Thanks to all those who attended our first Socrates Café Brooklyn, “What is Success?” It was a real pleasure meeting all of you, hearing your stories and struggles, and peeling back the veneer of our conventional views on success to try and approach the heart of the matter. I think we often fail to realize the power and importance of throwing ourselves into dialogue with people from different walks of life and suspending, if only for a few minutes or a couple of hours, our basic assumptions about ourselves, our trajectory in life, and our view of the world. It is not easy–indeed, in our discussion, we hit a few bumps in the road and the engine stalled a few times; but confusion is the crucible of a higher, deeper, rounder form of consciousness. And we had some unpleasant exchanges; it became clear pretty quickly that the philosophical is the personal. But overall, I think we had a good first showing and I look forward to our next meeting in January.
Some highlights from our discussion:
-a former musician, who after striking it rich discovered that all that glittered was not gold and, to the chagrin and disbelief of his friends, left that life to become a social worker
-a well-educated man with a Masters degree who is now homeless and questions our American sense of success as a bogus ideology
-a middle-aged woman who has recently been let go from her job, but is excited to finally have the time and space to pursue a new path
-a young man who believe success is purely subjective, in the eye of the beholder, and who embraces a nihilistic view of life
-a young woman who questions her motivations for pursuing a career in academia
-a middle-aged man who fell into a job running a family business he didn’t think he’d enjoy, but by focusing on the day-to-day, eventually took pride and found pleasure in his charge; abandoning a career track as a social worker
-a young man wondering when his life would “start.”
Per the final comment, it reminded me of a recent article I read on a trend in popular writing on philosophy: as a “way of life” or “art of living”:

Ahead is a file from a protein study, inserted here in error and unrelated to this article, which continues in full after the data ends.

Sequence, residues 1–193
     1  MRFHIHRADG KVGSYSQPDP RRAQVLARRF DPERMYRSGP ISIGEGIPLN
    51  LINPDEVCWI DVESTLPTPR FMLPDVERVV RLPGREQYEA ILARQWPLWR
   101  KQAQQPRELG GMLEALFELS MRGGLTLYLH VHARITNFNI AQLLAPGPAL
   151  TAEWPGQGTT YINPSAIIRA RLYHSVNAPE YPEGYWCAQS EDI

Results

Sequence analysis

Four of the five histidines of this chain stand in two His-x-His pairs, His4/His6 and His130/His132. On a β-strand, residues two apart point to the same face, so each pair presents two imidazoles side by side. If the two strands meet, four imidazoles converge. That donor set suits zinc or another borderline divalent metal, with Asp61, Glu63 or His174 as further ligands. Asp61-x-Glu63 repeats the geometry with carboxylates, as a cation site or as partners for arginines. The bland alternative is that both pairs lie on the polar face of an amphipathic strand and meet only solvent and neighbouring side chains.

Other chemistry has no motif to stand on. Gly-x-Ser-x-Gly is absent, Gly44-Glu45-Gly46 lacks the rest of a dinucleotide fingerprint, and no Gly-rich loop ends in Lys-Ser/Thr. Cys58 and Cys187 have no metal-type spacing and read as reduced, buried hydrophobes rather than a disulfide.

In this understanding of the Western tradition, the chief reason for studying philosophy is not a desire to know more about the world, but a profound sense of dissatisfaction with the state in which one finds oneself at a given moment. One day you suddenly, painfully realize that something important is missing in your life, that there is a gap between what you currently are and the sense of what you could be. And before you know it, this emptiness starts eating at you. In a way, you don’t even exist yet. (It must have been in this sense that Socrates used the term “midwifery” for what he was doing; by subjecting those around him to the rigors of his philosophy, he was bringing them into existence properly.) Philosophy thus presupposes a certain degree of self-detestation. It may well be that philosophizing begins in shame. If you are a bit too comfortable with yourself, if there is nothing you are ashamed of, you don’t need philosophy; you are fine as you are.
I think there is a connection here not between philosophy and religion per se, but between philosophy and a formal aspect of the religious life and worldview: that human beings are not ok. In other words, in contrast to our default secular attitude, that health is the norm, and disease, disorder, and disfunction are the exception, the religious attitude starts from the opposite premise: that humanity is inherently flawed, finite, fallen–“warped wood,” as Kant put it. The human animal needs the scaffolding and bulwarks of ritual and tradition to get it on good course and keep it there; these are technologies and therapies intended to recall the soul back from its natural tendency to retreat into the cave of its own ego. As Alain de Botton has argued in his recent book, Religion for Atheists, from an existential perspective, religion gets this crucial aspect of human life better than the secular world, which is often hell bent on a “this-worldly” notion of success; but we need not believe in an “other world” (mythological religion) to appreciate the value of the practices often associated with that belief (mystical or contemplative religion, or what we popularly, and confusingly, call “spirituality”). Similarly, Pierre Hadot adapted St. Ignatius of Loyola’s “spiritual exercises” to refer to the habits of mind philosophers prescribe to ward off suffering, anxiety, and self-enclosure.
I invite fellow Socratics to continue the conversation here online!